Recognizing Alum and NASA Public Servant Andrew Hoffman
By Claire Galvin, UConn School of Engineering Manager of Communications and Digital Strategy
Leadership from the University of Connecticut School of Engineering were bereft to hear about the passing of an alumni and distinguished engineer last week.
Andrew Hoffman died March 24 at his home in East Windsor, Connecticut. He was 91, according to the family obituary.
“Andy wanted to be remembered as a good man who worked hard to make his country and community better because of his dedication and work ethic,” his obituary read.
Assistant Dean of Administrative Operations & Strategic Initiatives Kylene Perras echoed these comments about the 1953 graduate.
“Andy was a salt-of-the-earth individual,” Perras said. “He was a true gentleman, a sincere advocate to our University, and a kind soul that our School of Engineering will forever miss.”
Perras said she worked closely with Hoffman when he was invited into the Academy, a recognition he was especially proud of.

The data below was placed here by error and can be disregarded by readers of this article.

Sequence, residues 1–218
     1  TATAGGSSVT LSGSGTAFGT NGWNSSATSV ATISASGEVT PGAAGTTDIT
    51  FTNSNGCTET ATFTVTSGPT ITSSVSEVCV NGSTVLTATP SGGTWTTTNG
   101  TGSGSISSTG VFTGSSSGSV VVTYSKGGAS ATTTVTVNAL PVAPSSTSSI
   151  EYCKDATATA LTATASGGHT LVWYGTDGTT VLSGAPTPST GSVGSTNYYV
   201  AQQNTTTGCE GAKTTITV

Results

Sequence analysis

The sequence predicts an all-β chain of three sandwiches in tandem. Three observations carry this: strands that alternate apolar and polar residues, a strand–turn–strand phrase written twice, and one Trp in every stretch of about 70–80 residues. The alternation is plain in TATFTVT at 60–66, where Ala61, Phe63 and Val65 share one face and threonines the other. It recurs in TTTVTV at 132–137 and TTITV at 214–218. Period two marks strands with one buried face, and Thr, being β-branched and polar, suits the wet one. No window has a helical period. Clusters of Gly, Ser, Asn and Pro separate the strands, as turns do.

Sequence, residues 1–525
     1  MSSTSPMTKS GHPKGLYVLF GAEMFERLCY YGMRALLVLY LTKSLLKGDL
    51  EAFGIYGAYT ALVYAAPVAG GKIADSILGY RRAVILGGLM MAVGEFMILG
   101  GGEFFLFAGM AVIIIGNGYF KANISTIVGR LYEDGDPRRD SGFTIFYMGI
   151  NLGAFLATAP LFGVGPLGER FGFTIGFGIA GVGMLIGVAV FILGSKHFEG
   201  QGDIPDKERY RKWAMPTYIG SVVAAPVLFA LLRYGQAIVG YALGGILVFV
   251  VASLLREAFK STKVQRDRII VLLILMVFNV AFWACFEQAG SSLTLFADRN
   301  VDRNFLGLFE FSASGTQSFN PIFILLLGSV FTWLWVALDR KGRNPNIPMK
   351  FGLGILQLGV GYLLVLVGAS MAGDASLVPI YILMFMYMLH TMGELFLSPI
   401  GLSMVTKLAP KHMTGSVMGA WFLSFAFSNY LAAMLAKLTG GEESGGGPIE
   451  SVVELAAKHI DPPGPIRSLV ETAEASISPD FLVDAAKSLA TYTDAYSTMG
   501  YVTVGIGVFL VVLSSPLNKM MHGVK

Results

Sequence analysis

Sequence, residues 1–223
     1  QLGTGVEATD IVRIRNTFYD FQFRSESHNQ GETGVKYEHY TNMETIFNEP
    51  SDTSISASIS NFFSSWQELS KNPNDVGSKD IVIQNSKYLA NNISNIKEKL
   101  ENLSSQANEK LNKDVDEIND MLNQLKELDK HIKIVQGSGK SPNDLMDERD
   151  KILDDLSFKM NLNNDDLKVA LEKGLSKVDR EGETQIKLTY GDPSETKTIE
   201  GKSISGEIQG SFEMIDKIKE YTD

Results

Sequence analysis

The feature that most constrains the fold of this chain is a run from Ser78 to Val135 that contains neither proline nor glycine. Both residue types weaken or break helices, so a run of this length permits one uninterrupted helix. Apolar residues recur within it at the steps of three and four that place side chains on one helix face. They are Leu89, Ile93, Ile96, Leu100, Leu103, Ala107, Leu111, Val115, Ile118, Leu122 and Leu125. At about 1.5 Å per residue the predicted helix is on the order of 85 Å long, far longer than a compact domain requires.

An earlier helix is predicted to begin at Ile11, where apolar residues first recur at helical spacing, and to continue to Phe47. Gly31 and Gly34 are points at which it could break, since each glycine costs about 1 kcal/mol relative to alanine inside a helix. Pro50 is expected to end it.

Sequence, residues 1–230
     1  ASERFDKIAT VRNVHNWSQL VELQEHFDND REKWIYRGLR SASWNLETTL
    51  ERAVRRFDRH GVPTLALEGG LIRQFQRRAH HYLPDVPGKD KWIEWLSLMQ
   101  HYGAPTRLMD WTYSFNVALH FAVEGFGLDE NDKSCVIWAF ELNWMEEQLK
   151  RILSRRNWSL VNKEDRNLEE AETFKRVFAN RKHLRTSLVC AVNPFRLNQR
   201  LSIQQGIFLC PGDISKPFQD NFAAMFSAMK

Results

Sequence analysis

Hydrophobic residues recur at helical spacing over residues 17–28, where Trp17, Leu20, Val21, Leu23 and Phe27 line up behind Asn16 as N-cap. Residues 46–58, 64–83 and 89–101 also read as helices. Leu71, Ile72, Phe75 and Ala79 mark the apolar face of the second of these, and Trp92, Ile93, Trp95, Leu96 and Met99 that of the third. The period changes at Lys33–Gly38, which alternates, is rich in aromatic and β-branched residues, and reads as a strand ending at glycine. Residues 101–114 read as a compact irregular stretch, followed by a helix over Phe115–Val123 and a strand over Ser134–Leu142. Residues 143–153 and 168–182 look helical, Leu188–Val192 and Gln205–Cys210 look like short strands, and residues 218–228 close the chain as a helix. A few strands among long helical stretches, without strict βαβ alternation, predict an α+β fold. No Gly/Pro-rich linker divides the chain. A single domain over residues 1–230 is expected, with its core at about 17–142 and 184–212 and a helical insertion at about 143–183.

Despite that award and his incredibly impressive resume, Perras said Hoffman was humble and never made anyone feel less than their worth.
Hoffman was inducted into the UConn Academy of Distinguished Engineers in 2016. The Academy recognizes the brightest engineers, alumni and friends, who have made significant contributions to the engineering profession through research, education, practice, policy or service.
Hoffman graduated from the UConn School of Engineering Electrical and Systems Engineering program in 1953. After graduation he joined Hamilton Standard, later the United Technology Corporation (UTC), rising through the ranks before he retired in 1987 as the Executive Vice President.
According to the family obituary, Hoffman devoted much of his career to the United States Manned Space Program. He was part of the company’s team that designed and developed the Apollo space suit assembly, the Apollo and Space Shuttle life support systems and the Skylab crew equipment.
After retiring, he formed a consulting firm East Windsor Associates, where he continued to consult for the National Aeronautics and Space Administration, UTC, Boeing, McDonnell and others.
According to the obituary, he was most proud of his company’s and his personal contributions to the Apollo 13 rescue mission.
Because of his diligent work he was recognized with several awards, including two NASA Public Service Awards.